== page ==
I agree! I would have been very interested to hear some statistics about how many animals go untreated on organic farms, or how far illness on these farms might be allowed to progress before animals are treated, compared farms using conventional methods. Austin doesn’t say, and I think this is because no one really knows. It would be an interesting line of research, and possibly a necessary one if we want to get the American public fired up to support change in the current regulations. If a video of a sick cow being moved by a forklift was invigorating to the animal welfare community, maybe some videos of untreated sick animals on organic farms would be as well.

Check out the paper. It’s an interesting read.

Sunday, June 17, 2012

Mobile veterinary practice and federal drug restrictions

Mostly, when I took my cats to the vet, I would cram them into a carrier while they protested and drive them to a clinic. It was a rough trip for them, so rough that at one point I called a travelling vet to come see them at home. What a difference: they were more confident in their own territory, and got to deal with the stressful physical exam without having first been stressed by a car ride and a wait in a room full of dogs. More and more small animal mobile practices are cropping up these days. Of course, a significant percentage of large animal practices have always been mobile. It is prohibitively expensive to transport cows to a clinic, hugely stressful for the animal, and may be impossible if the cow is too sick to walk. Most horses are also treated on site rather than at a clinic, except for referral cases which are seeing specialists.

So in my mind, mobile practice is good for small animals and essential for large ones. Unfortunately, the Controlled Substances Act, passed by Congress in 1970, limits where controlled substances can be carried. The act apparently has not been applied to mobile veterinary practices until recently, but the Drug Enforcement Agency (DEA) appears to be changing its practice this year, as mobile veterinarians in California report that they have received notices that their activities are illegal.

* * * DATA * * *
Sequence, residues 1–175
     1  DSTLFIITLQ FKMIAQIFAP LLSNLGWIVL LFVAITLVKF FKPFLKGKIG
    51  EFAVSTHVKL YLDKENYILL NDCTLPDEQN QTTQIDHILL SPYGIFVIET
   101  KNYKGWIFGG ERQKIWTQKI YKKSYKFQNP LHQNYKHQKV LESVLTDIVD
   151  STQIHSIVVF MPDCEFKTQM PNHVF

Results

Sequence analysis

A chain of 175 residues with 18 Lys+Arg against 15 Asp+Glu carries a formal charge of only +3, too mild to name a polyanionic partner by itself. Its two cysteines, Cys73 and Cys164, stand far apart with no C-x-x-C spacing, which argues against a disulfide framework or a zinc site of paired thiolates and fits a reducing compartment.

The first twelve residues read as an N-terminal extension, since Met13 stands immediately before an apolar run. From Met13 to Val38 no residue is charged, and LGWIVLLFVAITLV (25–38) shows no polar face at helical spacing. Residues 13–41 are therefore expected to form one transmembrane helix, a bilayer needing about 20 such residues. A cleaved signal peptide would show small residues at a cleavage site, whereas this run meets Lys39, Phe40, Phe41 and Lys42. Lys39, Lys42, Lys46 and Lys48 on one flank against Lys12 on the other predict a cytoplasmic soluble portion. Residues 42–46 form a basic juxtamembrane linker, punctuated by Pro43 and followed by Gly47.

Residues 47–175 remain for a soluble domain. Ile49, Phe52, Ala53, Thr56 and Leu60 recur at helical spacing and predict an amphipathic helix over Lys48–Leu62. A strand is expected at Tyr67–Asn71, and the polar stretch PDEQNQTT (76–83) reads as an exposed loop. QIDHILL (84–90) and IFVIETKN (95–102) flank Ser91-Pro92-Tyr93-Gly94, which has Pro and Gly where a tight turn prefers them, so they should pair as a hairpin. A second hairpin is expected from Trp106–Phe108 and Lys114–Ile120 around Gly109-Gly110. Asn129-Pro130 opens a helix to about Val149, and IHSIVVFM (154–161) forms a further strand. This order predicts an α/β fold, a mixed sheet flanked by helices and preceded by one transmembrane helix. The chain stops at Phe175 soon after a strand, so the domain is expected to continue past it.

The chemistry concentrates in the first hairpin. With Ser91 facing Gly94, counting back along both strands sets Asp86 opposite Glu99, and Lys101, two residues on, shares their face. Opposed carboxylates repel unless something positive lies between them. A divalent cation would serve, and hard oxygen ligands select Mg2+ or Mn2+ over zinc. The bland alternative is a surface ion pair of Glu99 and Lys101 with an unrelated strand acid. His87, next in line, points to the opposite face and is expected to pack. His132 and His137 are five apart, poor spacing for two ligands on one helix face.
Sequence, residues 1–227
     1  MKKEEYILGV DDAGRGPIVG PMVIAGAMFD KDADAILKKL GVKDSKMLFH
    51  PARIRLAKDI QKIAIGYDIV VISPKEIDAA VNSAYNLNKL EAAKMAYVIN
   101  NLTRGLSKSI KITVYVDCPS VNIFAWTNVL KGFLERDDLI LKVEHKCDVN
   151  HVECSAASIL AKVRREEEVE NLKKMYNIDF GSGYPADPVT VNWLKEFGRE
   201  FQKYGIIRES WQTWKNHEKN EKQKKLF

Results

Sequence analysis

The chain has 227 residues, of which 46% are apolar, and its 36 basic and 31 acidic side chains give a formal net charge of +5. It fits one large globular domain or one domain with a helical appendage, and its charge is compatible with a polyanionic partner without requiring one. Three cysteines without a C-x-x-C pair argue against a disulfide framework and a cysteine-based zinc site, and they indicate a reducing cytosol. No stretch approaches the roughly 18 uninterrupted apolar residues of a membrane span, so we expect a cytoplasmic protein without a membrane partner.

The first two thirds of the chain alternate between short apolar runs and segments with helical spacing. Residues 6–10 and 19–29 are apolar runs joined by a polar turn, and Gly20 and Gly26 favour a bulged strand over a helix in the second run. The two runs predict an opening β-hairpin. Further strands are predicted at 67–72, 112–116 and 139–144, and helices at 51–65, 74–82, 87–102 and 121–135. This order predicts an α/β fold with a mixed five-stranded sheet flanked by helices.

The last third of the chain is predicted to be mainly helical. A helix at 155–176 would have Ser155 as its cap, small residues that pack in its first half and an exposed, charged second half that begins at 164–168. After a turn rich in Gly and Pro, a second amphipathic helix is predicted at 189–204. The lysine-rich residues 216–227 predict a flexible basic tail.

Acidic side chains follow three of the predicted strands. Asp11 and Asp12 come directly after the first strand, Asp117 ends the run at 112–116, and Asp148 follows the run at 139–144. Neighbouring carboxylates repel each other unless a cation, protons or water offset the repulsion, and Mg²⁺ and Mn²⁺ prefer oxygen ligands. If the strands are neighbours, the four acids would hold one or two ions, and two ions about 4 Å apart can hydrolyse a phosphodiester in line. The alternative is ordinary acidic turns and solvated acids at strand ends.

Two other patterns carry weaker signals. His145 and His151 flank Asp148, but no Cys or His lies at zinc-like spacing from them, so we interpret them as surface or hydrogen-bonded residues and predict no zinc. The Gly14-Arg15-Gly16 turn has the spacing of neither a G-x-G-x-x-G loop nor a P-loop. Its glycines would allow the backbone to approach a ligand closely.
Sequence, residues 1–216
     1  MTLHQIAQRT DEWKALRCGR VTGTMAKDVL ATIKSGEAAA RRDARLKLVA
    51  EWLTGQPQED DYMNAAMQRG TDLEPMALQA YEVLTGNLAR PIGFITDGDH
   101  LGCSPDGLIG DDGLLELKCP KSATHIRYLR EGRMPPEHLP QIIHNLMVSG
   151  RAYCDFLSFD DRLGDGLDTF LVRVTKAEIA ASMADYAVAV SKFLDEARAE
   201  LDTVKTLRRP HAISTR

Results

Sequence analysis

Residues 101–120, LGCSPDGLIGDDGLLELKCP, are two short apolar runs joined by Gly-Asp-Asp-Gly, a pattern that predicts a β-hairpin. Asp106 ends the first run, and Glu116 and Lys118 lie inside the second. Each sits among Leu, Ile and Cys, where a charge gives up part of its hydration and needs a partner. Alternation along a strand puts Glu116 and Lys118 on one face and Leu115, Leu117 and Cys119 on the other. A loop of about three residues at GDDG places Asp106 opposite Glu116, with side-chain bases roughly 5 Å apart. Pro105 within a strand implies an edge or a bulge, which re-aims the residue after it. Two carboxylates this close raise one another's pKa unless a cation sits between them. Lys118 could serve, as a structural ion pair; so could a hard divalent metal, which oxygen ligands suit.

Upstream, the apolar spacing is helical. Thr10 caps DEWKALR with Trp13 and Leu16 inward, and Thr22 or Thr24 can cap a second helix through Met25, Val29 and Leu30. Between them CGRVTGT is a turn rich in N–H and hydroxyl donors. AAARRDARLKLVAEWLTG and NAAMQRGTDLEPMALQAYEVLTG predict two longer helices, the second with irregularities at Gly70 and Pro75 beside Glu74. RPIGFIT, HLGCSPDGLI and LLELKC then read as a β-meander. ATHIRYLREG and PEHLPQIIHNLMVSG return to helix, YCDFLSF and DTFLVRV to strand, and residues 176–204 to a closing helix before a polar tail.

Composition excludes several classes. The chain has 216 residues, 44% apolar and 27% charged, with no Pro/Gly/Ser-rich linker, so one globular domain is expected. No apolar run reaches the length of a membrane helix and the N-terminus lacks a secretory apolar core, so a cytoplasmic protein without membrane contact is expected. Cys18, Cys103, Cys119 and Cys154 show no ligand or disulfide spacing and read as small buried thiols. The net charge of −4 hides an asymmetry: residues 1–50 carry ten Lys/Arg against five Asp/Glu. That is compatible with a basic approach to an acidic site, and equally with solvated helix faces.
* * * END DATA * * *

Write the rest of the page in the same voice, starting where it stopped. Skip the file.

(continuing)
Mobile veterinarians, both small and large animal, routinely carry controlled substances for pain relief and euthanasia. Non-controlled alternatives do exist, but are much less effective. For example, one cow vet reported that to remove a cow’s eye, he was no longer able to use sedation or powerful systemic pain relief in the form of an opioid, but would have to rely on local anesthesia (lidocaine), which he felt was insufficient to manage the animal’s discomfort during the procedure. Another cow vet reported that he was falling back to using a .22 Magnum for euthanasia.

The regulations do allow for veterinarians to carry the amount of medication that they expect to need during the current day for a planned procedure. This does not allow for unplanned procedures (the animal who unexpectedly requires euthanasia) or unexpected increases in dosage (the animal whose pain is clearly not controlled by the expected amount of medication, or, worse, who requires more than the expected amount of euthanasia solution). Veterinarians also cannot predict how much sedation and pain relieving medications to bring for a day in a mobile spay neuter clinic, to which animals may arrive without appointments.

The DEA contends that only Congress has the power to change the wording of the Controlled Substances Act. Obviously, we can ’t expect such change to happen any time soon. In the meantime, we can wait and see how the DEA proceeds.

Journal of the American Veterinary Medical Association
June 15, 2012, Vol. 240, No. 12, Pages 1384-1407
doi: 10.2460/javma.240.12.1384